How Secure 2.0 Will Impact Employers’ Tax Situations

Defining an Impaired Asset

Understanding the Weighted Average Cost (WAC) Method for Inventory Valuation

tranche contributes to the overall valuation of its cost of goods sold (COGS) and inventory. Recognized by both GAAP and IFRS, it’s determined by taking the cost of goods available for sale and dividing it by the quantity of inventory ready to be sold. It’s important to note that while WAC is a generally accepted accounting principle, it’s not as precise as FIFO or LIFO; however, it is effective at assigning average cost of production to a given product.

It’s done primarily for types of inventories where parts are so intertwined that it makes it problematic to attribute clear-cut expenditures to a particular part. This often happens when stockpiles of parts are indistinguishable from each other. It also accounts for businesses offering their inventory for sale all at once. Here’s a visual representation of the formula: 

Weighted Average Cost (WAC) Method Formula

WAC per unit = Cost of goods available for sale / Units available for sale

Costs of goods available for sale is determined by adding new purchases of inventory to the value of what the business already had in its existing stock. Units available for sale is how many saleable items the company possesses. Its value is assessed per item and encompasses starting inventory and additional purchases.

When it comes to calculating WAC, there are two different types of inventory analysis systems: periodic and perpetual.

Periodic Inventory System

In this system, the business tallies its inventory at the end of the accounting period – be it a quarter, half or fiscal year – and analyzes how much the inventory costs. This then determines the value of the remaining inventory. The COGS is then calculated by adding how much starting, final, and additional inventory within the accounting period cost.

Perpetual Inventory System

This system puts a bigger emphasis on more real-time management of its stock levels. The trade-off for such real-time tracking of inventory requires more company financial resources. Looking at an example of how a company began its fiscal year with the following inventory can illustrate how it works.

At the beginning of the year, a company had 1,000 units, costing $50 per unit. It also made three additional inventory purchases going forward.

Jan 20: 75 units costing $100 = $7,500

Feb 17: 150 units costing $150 = $22,500

March 18: 300 units costing $200 = $60,000

During the fiscal year, the business sold:

235 units sold during the last week of February

325 units sold during the last week of March

Looking at the Periodic Inventory System, for the first three months of its fiscal year, the company can determine its COGS and the number of items ready to be sold over the first three months of its fiscal year.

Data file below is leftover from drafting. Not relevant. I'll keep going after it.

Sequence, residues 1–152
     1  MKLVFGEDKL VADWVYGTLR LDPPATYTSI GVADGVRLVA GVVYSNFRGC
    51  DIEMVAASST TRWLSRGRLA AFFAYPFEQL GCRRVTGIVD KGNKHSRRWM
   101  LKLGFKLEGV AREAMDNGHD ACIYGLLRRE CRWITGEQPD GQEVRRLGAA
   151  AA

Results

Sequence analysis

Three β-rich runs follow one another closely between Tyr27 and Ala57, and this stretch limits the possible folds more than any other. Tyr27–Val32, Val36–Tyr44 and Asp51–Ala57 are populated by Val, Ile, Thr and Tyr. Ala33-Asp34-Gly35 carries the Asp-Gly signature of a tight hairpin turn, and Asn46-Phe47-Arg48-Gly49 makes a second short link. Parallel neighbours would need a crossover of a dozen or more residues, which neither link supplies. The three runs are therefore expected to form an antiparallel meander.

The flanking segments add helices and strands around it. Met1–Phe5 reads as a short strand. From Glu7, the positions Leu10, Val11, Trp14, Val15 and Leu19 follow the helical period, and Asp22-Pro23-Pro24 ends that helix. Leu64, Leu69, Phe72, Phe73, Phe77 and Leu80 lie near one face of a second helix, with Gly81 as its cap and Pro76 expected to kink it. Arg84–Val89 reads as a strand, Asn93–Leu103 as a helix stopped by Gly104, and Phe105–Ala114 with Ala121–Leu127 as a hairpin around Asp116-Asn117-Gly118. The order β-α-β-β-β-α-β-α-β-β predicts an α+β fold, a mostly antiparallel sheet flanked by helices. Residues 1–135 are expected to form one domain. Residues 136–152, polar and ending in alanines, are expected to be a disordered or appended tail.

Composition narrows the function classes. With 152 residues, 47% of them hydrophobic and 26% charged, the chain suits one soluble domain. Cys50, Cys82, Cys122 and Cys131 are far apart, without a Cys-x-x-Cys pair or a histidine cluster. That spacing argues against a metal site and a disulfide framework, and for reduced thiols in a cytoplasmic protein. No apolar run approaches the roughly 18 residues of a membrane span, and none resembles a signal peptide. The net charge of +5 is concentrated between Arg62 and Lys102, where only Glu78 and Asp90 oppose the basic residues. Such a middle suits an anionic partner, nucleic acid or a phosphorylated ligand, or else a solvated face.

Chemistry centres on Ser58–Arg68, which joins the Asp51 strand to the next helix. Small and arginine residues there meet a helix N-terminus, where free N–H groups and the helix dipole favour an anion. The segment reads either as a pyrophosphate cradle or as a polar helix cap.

WAC per item – ($50,000 + $7,500 + $22,500 + $60,000) / 1,525 = $91.80

Based on this method, the WAC per unit would be multiplied by the number of units sold during the accounting period, therefore:

560 units x $91.80 = $51,408 (inventory sold)

To calculate the final inventory value, we take the entire purchase cost and subtract the remaining inventory to arrive at the valuation:

$140,000 – $51,408 = $88,592

Perpetual Inventory System

Unlike the periodic inventory system, this looks at determining the mean prior to the transaction of items:

This would calculate the average before the 235 units were sold during the last week of February:

WAC for each item: ($50,000 + $7,500 + $22,500) / 1,225 = $65.31

Looking at the 235 units sold during the last week of February, it’s calculated as follows:

235 x $65.31 = $15,347.85 (inventory sold)

$80,000 – $15,347.85 = $64,652.15 (remaining inventory value)

Before calculating for the 325 units sold the last week of March, the unit valuation per WAC is: ($64,652.15 + $60,000) / (1225 – 235 + 300) = 1290 = $96.63

Looking at the 325 units sold during the last week of March is calculated as follows:

325 x $96.63 = $31,404.75 (inventory sold)

$124,652.15 – $31,404.75 = $93,247.40 (remaining inventory)

Based on these options, businesses have the choice, along with LIFO and FIFO, to decide how they want to vary it based on their own business needs.

Defining and Calculating Amortization

noticeable differences for each method, including how to salvage value is considered, whether accelerated expensing is allowed, and how each type is expressed on financial statements.


Amortization is an accounting practice of spreading the cost of an intangible asset over its useful life. Examples of intangible assets, according to the Internal Revenue Service’s “Section 197 Intangibles,” include goodwill, intellectual property such as trademarks, patents, and government or agency-granted permits or licenses. These are all assets that must be amortized over 15 years.

Based on IRS regulations, when it comes to determining how an asset is expensed over its useful life, amortization is most similar to the straight-line basis method of depreciation. 

It’s important to note that the timeframe of amortization is subject to interpretation. Examples, according to the IRS, include a 36-month amortization timeline for computer software because it’s not categorized as an asset under the same IRS Section. Other examples not mandated to be amortized under a 15-year time frame include interests to land, business partnerships, financial contracts (such as interest rate swaps) or creation of media. 


One of the main differences when it comes to depreciation is that it focuses on tangible or fixed assets and requires a certain percentage of its useful life to be allocated each year. Examples of assets that can be expensed include trucks for service calls, computers, printers, equipment for production, etc. Another important difference is that the asset’s salvage value is deducted from the asset’s starting cost. The remaining balance (original cost – salvage cost) determines annual expensing amounts, which is divided by the asset’s years of useful life.

Along with the above method of depreciation, also called “Straight-Line Method,” there are other ways depreciation can determine how much is expensed annually and over the asset’s useful life. For example, Declining Balance or Double Declining Balance methods are alternate ways businesses can depreciate their assets – some frontload the amounts to take advantage of accounting/tax rules to reduce their tax liabilities. Another way is to depreciate via Units of Production. This method pro-rates the level of an asset’s expected use within a particular accounting period, on a per-unit basis, to determine how much the company can expense during a particular accounting timeframe.